"In Tucson, there would be protests in the streets," says Suckling.
Suckling fears a backlash against the bird, and the sentiment is surfacing already in the town of Roosevelt, where drought has pulled the lake so low that boat ramps are completely exposed several feet from the water's edge. A rumor has spread among the locals that lake levels are being kept down because of a lawsuit to protect an endangered bird.
Sharon Finstad, a clerk at the Minit Market convenience store near the lake, says the information came from the U.S. Forest Service. If it's true, she says, the bird is causing problems for visitors. "It messes up the fishing, for one thing."
Overhearing this while standing in line, a tall man who drove up towing a large boat rig is red-hot mad. "All of this because of some stupid bird? Let the bird go away," says Mel West, who is still fuming over logging restrictions because of the Mexican spotted owl in his hometown of Show Low. "What's more important on this earth? If [the flycatcher] goes away, how much difference does it make to me?"
The Forest Service, the center and SRP say the rumor is bogus. But that kind of public reaction is what Suckling would like to avoid. He is softening his rhetoric but is still waving the threat of a lawsuit as he waits to see what SRP officials will do about the flycatchers in their backyard.
If he looks closely, he may see the answers in the research already done in SRP's backyard.
SRP's history with the flycatcher has been a contentious one filled with bad timing. It's a wonder anything worked out to the flycatcher's advantage.
After years of negotiations, SRP, the federal government and a group of cities -- Phoenix, Mesa, Scottsdale, Glendale, Chandler and Tempe -- agreed to pay more than $430 million to raise the height of Roosevelt Dam 71 feet. The expansion would make the dam safer, providing flood control and the ability to survive earthquakes, but the biggest enticement was water. The growing cities would get more than 250,000 acre-feet of water from the additional space created by the dam, and another way to meet the Arizona Department of Water Resources' requirement to provide a 100-year water supply.
In 1994, three years into building the expanded dam, the U.S. Fish and Wildlife Service was considering the Southwestern willow flycatcher for listing as an endangered species. Henry Messing, a biologist for the U.S. Bureau of Reclamation, volunteered to look for the bird at Roosevelt Lake. Before setting off on his search, Messing took a training session that showed him how to find the drab-green bird by playing a tape recording of the flycatcher's call and listening for an answer.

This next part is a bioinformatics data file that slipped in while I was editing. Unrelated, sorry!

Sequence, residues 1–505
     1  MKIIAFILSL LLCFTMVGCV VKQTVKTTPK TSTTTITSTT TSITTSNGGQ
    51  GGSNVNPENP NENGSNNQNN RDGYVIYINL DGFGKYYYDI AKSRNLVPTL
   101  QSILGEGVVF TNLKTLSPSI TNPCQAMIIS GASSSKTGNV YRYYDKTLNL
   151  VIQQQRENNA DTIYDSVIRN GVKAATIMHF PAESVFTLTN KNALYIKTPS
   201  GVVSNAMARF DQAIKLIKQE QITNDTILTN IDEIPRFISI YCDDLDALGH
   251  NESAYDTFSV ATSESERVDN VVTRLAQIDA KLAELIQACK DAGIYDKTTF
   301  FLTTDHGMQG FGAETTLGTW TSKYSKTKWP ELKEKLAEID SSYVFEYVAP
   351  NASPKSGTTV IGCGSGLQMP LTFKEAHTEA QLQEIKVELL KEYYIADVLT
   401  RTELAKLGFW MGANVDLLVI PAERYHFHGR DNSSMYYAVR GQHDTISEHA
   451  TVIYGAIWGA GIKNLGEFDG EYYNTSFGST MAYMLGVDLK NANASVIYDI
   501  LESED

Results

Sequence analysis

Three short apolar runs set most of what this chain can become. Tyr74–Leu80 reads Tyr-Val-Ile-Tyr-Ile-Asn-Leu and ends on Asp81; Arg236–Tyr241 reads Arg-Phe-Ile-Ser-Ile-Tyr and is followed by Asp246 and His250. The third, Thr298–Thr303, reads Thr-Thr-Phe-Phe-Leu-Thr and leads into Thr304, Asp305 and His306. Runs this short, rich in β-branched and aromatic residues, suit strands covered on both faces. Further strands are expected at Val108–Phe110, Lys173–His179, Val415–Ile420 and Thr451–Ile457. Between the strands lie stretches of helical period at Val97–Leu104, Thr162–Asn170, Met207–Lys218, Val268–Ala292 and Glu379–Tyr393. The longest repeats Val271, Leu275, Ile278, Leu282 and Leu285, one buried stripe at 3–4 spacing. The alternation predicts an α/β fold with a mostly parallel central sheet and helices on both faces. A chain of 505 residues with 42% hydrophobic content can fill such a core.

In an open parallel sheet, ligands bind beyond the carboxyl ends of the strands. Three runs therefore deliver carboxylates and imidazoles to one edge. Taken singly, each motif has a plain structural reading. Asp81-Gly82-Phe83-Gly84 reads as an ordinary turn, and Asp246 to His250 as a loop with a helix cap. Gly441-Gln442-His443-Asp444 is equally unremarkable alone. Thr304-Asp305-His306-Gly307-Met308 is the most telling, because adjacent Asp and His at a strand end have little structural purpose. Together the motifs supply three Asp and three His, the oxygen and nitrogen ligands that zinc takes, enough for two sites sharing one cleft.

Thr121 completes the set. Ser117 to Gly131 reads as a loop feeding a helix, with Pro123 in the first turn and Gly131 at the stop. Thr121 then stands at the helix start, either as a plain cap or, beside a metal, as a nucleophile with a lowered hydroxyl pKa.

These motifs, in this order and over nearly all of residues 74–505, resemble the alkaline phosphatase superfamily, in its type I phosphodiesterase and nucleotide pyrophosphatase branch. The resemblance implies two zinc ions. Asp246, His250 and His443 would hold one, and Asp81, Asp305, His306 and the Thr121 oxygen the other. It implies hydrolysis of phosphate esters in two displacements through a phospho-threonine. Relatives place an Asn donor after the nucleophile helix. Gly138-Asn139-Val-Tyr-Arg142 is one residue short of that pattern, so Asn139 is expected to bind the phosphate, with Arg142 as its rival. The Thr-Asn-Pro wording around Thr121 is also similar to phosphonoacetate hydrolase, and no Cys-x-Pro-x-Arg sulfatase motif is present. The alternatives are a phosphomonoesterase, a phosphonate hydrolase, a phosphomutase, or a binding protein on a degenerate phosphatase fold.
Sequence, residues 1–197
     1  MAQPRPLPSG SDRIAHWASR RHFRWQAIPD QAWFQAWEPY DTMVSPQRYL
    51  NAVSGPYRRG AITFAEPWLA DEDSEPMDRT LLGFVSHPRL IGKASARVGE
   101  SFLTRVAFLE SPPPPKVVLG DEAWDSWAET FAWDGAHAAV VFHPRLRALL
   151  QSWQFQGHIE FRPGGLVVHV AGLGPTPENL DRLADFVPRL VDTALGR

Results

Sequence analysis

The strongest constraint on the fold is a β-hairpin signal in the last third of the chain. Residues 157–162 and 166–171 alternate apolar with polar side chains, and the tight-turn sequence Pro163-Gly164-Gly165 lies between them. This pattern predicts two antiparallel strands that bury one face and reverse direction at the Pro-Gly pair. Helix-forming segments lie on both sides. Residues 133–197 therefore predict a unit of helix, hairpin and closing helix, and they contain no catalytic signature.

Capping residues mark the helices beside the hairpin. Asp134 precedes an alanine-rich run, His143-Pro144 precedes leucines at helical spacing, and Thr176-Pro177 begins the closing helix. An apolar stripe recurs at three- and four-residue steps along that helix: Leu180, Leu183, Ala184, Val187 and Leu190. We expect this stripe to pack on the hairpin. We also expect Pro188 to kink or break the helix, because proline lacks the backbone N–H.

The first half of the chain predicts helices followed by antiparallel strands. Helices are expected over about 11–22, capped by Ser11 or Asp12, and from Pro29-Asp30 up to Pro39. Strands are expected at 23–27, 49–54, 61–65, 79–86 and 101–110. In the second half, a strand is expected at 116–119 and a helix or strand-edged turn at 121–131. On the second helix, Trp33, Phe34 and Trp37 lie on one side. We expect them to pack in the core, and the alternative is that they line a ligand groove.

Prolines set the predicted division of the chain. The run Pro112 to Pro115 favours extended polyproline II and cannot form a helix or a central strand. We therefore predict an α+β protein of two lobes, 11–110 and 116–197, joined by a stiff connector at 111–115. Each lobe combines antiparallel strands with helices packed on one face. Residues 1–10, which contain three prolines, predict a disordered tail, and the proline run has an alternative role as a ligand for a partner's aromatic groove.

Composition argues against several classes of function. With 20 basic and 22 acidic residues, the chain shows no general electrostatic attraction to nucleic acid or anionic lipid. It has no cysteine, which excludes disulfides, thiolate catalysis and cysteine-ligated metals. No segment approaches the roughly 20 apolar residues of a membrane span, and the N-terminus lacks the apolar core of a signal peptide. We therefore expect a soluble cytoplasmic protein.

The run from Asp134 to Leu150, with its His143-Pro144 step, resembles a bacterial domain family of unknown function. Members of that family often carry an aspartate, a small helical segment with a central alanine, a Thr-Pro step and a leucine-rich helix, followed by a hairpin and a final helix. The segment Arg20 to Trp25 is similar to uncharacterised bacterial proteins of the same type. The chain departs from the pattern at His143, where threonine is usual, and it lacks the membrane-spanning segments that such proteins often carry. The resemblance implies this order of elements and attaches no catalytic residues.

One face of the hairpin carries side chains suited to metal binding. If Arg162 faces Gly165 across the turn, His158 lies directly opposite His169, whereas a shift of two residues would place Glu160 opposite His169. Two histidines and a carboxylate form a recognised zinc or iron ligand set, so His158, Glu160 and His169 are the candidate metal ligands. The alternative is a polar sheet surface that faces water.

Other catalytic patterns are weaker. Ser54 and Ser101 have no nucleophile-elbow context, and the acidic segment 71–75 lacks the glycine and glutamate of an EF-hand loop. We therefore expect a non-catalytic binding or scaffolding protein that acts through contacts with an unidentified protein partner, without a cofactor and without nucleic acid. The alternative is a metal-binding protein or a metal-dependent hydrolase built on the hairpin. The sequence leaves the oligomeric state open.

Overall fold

As it turned out, Messing didn't even have to use his tape recorder. Hiking along the Tonto Creek inflow to Roosevelt Lake, Messing heard the flycatcher's distinctive "fitz-bew" call immediately.
"I couldn't wait to get back to the office and tell my boss what I found at Roosevelt," he says.
The discovery sparked a hunt for more of the birds and threatened to halt the massive dam project. By 1996, a year after the Southwestern willow flycatcher was listed as endangered, biologists found about 68 birds in habitat above the traditional lake level at Roosevelt, in the space that would one day be flooded by the heightened dam.
As the agency that authorized the dam expansion, the Bureau of Reclamation was held responsible for the flycatchers. To avoid any violation of the Endangered Species Act, the bureau's first requirement was to find a way to avoid harm to the species or its habitat. If harm could not be avoided, only then would the Fish and Wildlife Service issue a "take" permit, which allows the permittee to destroy an endangered animal or the place it lives.
To protect flycatchers at Roosevelt, the bureau would have to reduce the amount of additional water it could store with the dam expansion. That option was out of the question, since it would mean a multimillion-dollar project down the drain. Besides, natural disasters, including floods and fires, could wipe out the species anyway, the bureau concluded.
"For the project to function as planned and provide all the benefits for which it was built, no reasonable measures to avoid or minimize potential impacts to the [Southwestern willow flycatcher] exist," according to the bureau's biological assessment.
The Fish and Wildlife Service thought the bureau underestimated the dam expansion's potential effect on the bird. "Operation of the modified Roosevelt Dam is likely to jeopardize the continued existence of the Southwestern willow flycatcher," according to the service's biological opinion.